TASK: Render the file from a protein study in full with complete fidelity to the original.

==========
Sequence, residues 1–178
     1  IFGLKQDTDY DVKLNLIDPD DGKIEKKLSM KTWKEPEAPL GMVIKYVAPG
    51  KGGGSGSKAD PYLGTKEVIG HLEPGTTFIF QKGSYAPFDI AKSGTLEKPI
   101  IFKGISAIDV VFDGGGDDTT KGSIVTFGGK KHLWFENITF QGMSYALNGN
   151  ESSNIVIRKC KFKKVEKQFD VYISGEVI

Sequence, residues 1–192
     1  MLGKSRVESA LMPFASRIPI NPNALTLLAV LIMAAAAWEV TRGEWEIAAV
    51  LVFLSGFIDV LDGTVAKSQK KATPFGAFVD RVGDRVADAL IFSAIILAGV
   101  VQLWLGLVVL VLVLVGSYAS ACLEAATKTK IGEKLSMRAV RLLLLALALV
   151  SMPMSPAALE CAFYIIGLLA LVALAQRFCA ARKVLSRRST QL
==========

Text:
Sequence, residues 1–178
     1  IFGLKQDTDY DVKLNLIDPD DGKIEKKLSM KTWKEPEAPL GMVIKYVAPG
    51  KGGGSGSKAD PYLGTKEVIG HLEPGTTFIF QKGSYAPFDI AKSGTLEKPI
   101  IFKGISAIDV VFDGGGDDTT KGSIVTFGGK KHLWFENITF QGMSYALNGN
   151  ESSNIVIRKC KFKKVEKQFD VYISGEVI

Sequence, residues 1–192
     1  MLGKSRVESA LMPFASRIPI NPNALTLLAV LIMAAAAWEV TRGEWEIAAV
    51  LVFLSGFIDV LDGTVAKSQK KATPFGAFVD RVGDRVADAL IFSAIILAGV
   101  VQLWLGLVVL VLVLVGSYAS ACLEAATKTK IGEKLSMRAV RLLLLALALV
   151  SMPMSPAALE CAFYIIGLLA LVALAQRFCA ARKVLSRRST QL